This year we celebrated the holidays with the SweCan sailing family. You may recall that we parted ways with SV Okestern (Caroline & Johannes) and SV Ninita (Nina & Ola) in Tanna, Vanuatu, in early October so it was awesome to reunite in Sydney.
Our line up of holiday events spanned four days. Swedes have their main celebration on Christmas Eve, so the eve before Christmas Eve is ‘Waiting Up’ night … Hmm. It involves staying up, drinking ‘glögg’ (aka mulled wine) and watching movies. It wasn’t hard to convince us to join in.
On the 24th, they set up a beautiful Swedish ‘Christmas Table’ (buffet). The five different types of pickled herring had them all licking their lips, but the tastiness just didn’t translate for Will and I. We did eat smoked salmon, special baked bread, hard bread, ham, egg with caviar spread, beetroot, sausages, Swedish meatballs, and more ginger cookies and sweets. Snaps and singing punctuated the meal and before we knew it Christmas Eve lunch had extended well past midnight…
On December 25th, I had to drag myself out of bed to start the Canadian Christmas cooking. I’ve never had sole ownership of the task before, so I figured that cheating on various parts of the meal would be forgivable.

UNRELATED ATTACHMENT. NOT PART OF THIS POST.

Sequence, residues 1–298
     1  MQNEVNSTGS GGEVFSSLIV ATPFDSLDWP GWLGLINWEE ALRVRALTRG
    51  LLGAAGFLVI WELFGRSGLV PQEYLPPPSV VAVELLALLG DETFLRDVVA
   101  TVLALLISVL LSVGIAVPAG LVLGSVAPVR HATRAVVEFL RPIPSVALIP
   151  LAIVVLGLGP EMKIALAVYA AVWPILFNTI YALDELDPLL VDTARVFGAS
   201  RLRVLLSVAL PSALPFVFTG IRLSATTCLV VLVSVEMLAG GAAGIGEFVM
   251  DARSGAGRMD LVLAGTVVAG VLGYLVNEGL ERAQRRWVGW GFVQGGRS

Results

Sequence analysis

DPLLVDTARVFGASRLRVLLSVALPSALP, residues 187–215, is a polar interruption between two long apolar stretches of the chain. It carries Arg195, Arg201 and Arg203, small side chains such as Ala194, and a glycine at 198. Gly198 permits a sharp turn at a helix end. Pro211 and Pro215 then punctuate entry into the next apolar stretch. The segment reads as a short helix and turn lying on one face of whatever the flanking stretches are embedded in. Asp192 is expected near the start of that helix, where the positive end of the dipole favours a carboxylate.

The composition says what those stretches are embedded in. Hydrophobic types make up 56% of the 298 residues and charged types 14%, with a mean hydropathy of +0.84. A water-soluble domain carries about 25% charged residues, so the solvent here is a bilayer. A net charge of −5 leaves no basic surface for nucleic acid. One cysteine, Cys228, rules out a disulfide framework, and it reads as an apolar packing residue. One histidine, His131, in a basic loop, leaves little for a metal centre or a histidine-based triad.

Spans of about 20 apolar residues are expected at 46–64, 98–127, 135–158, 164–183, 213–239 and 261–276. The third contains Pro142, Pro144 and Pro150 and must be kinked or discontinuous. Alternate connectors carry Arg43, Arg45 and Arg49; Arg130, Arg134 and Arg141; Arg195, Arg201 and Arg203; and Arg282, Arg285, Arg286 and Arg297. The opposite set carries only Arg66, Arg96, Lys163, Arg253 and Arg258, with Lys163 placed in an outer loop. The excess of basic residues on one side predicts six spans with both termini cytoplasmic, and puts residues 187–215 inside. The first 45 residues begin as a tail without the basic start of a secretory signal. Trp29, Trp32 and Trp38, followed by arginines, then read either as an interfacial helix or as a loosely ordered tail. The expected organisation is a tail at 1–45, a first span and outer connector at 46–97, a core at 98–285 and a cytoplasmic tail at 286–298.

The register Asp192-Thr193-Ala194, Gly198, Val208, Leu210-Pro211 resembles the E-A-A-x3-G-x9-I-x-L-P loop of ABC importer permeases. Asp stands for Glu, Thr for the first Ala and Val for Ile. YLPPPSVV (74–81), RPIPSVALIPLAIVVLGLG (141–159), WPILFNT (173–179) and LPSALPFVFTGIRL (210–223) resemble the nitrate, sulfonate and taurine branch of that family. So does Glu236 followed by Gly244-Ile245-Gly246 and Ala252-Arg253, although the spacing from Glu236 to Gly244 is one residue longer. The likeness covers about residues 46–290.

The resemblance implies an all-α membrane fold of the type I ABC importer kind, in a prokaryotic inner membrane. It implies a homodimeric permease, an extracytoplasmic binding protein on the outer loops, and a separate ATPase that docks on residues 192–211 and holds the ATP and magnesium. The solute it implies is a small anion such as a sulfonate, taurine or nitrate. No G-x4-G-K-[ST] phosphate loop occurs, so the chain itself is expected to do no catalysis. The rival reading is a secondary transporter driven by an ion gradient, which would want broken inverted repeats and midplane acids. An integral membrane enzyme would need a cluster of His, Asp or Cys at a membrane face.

Up first was making pumpkin pie. I had begun my search for canned pumpkin a week earlier. There is an abundance of pumpkin in Australia (pumpkin served in EVERYTHING here) so when I brought up the concept of canned pumpkin puree, I got a few laughs and the question: why wouldn’t you just buy pumpkins and puree them yourself? I almost thought I would have to. However – I found a great online forum of North Americans also dedicated to the quest for canned pumpkin in Australia. Tipped off to one particular store, Will and I rushed over there last week and bought the second to last can of pumpkin puree on the shelf – for $9.99.
The turkey was also very easy. Warm summer temperatures mean that it’s acceptable (or perhaps most common) for turkey to be eaten cold. So – I was able to buy a pre-cooked cold turkey from the local grocery store. An hour in the oven on low – and Voila! The stuffing was made on the stove top, the gravy out of a package, the frozen brussle sprouts boiled, bread sauce in a pot, and the potatoes and sweet potatoes roasted as per usual technique. Hmm, maybe I cheated a bit too much?
Regardless, my Christmas dinner tasted just like the real deal. It even induced multiple ‘turkey comas’.
Our holiday festivities didn’t end there… we are in Sydney after all! The start of the Sydney to Hobart Race is always scheduled for December 26th, Boxing Day, regardless of weather (!). Here’s where (finally) an Australian tradition made its way into our schedule. New friends Dan and Maxine invited us to watch the race and enjoy a Boxing Day seafood lunch at their home. Wow – we had a fantastic view from a park on Middle Head and the celebrations continued….
Were we celebrating NOT being out there ourselves, sailing towards a gale? Perhaps.